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Rosario

in the last two years I spent in Argentina before coming here, I felt paralyzed, I didn’t know what I wanted to do, what work to do, I was bored and annoyed, or sad because I wasn’t motivated.
So I decided to come here for a change and to begin a new phase of my life.
Before arriving in Spain, I was living in Buenos Aires, Argentina. I was studying Jewellery design and also selling some jewelry to friends and friends of friends. I also sold natural products for a brand and I was being paid for my job at a restaurant that had to close. I was also going to drama and dance classes. I lived with my boyfriend and we broke up when I decided to move to Spain.
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Olivier

Though I also have my own personal goals, which have to do with my self-improvement and starting certain routines.
The best part about living in Spain are the lifestyle, the people, how things work.
It has been a long time since I left my home-country, it has been around four and a half years more or less. The life I had before leaving was pretty stable. I had an apartment that I owned, I was living there with my ex-girlfriend and I was studying and working at the same time.
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Lenka

The first time I left my country was when I decided to leave to study for my bachelor’s degree.
In terms of challenges for Spain it has to be the paperwork, it really is a pain in the neck here.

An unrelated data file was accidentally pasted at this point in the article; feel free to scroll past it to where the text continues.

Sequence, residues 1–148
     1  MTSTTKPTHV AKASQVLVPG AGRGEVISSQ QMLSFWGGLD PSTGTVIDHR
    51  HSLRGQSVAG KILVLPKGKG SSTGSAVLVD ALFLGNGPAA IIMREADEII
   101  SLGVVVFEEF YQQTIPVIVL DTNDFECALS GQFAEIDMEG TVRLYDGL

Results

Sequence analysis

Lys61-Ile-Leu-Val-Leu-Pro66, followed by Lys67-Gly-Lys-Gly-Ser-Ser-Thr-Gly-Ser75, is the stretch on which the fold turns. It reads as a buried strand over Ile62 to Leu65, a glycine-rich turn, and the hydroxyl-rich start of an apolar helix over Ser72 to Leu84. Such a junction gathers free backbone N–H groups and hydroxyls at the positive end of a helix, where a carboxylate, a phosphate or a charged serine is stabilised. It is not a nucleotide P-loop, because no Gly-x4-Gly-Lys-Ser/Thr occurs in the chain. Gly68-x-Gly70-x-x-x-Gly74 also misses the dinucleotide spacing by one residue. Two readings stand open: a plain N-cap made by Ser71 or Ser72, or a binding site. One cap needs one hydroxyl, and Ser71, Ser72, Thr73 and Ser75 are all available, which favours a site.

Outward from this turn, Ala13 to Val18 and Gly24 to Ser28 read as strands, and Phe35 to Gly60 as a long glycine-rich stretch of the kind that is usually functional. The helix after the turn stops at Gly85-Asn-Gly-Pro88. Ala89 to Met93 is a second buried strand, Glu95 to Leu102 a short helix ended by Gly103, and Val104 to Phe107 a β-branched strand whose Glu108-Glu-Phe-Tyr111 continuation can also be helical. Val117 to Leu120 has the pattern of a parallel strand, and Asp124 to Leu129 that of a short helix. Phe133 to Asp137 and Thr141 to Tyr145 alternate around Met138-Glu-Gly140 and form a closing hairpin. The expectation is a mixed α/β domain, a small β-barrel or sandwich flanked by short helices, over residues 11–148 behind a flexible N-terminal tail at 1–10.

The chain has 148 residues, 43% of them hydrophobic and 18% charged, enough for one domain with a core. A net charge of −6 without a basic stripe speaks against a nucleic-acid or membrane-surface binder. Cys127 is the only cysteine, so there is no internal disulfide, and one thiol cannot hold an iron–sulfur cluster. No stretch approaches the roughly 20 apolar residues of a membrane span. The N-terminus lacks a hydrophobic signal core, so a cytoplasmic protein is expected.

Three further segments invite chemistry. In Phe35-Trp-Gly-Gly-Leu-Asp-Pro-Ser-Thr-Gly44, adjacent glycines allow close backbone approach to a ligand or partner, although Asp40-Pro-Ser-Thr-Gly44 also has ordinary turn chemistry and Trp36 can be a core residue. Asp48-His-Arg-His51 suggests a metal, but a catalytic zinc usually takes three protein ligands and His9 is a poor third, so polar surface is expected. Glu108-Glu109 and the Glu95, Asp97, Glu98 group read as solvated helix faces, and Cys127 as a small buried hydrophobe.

My life before leaving for Spain was quite fine, I was living in Greece for a couple of months and I was just about to start my Master’s in England. I had a job and I was looking for a place to live and I knew Spain from earlier, I loved the lifestyle so that’s why I decided to come here.
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Alexeii

My favourite memory of my home-country was actually in Ukraine, in my grandmother’s house. I remember the country-side, a lot of animals: chicken, sheep, goats, etc.
I would also love to have a house by the country-side with some farm animals and my dog as my grandmother did.
Actually I work on the Untold Stories’ website, so I will see this story before it is published on the website. My name is Aleksey, I am originally from Russia and I am 40 years old. I went away from Russia more than 10 years ago. The first country I went to was Egypt, I stayed there for 2 to 3 years. The second country I went to was Greece for one year and then I was in Vietnam for 5 years. After all of that, I came to Barcelona in Spain. My girlfriend had a course here, so I came with her and we have been staying here for 2 years.
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Mousa Diop

I want to create a partnership with Senegal, so that I can help the children there. I want them to have better chances in life.
The way I gain a living is through selling my art in the streets of Barcelona.
My name is Moussa Diop, I’m 46 years old, and I’m from Dakar in Senegal. I left Senegal in 2007. Many people leave Africa because the life there is tough – people go in search for a better life. The neighborhood where I was born was not wealthy and had a lot of vulnerable families and economic hardships. I grew up by doing many artisanal and artistic projects with the homeless kids who lived there, so they could have better tools to gain a living in such a difficult situation.
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Sunabh

So, what I think of the future for me to take care of my family, my kids. So that their own future will not be, the way I lived my life. So that they will not suffer, they way I suffered in life
We can be able to afford what we need and take care of ourselves. But if you don’t have documents to work. There is nothing you can do. Nobody will take you for work. Nobody will take you for any job. You know?